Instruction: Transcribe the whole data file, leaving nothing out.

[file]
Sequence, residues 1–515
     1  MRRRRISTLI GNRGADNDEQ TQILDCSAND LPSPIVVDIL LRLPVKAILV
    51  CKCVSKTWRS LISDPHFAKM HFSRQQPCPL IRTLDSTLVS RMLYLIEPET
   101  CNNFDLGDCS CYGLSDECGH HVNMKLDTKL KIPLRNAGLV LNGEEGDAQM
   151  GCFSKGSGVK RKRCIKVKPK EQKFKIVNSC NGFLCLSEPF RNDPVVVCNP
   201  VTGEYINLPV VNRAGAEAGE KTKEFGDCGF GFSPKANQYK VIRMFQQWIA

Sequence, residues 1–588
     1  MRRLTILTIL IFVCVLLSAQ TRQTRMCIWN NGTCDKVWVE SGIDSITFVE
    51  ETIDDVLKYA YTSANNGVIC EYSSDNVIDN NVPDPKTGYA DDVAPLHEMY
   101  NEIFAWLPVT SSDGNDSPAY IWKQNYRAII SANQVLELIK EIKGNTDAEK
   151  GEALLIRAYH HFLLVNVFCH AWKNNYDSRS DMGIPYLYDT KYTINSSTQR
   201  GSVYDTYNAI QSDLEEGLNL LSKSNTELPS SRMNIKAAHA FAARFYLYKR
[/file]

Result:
Sequence, residues 1–515
     1  MRRRRISTLI GNRGADNDEQ TQILDCSAND LPSPIVVDIL LRLPVKAILV
    51  CKCVSKTWRS LISDPHFAKM HFSRQQPCPL IRTLDSTLVS RMLYLIEPET
   101  CNNFDLGDCS CYGLSDECGH HVNMKLDTKL KIPLRNAGLV LNGEEGDAQM
   151  GCFSKGSGVK RKRCIKVKPK EQKFKIVNSC NGFLCLSEPF RNDPVVVCNP
   201  VTGEYINLPV VNRAGAEAGE KTKEFGDCGF GFSPKANQYK VIRMFQQWIA

Sequence, residues 1–588
     1  MRRLTILTIL IFVCVLLSAQ TRQTRMCIWN NGTCDKVWVE SGIDSITFVE
    51  ETIDDVLKYA YTSANNGVIC EYSSDNVIDN NVPDPKTGYA DDVAPLHEMY
   101  NEIFAWLPVT SSDGNDSPAY IWKQNYRAII SANQVLELIK EIKGNTDAEK
   151  GEALLIRAYH HFLLVNVFCH AWKNNYDSRS DMGIPYLYDT KYTINSSTQR
   201  GSVYDTYNAI QSDLEEGLNL LSKSNTELPS SRMNIKAAHA FAARFYLYKR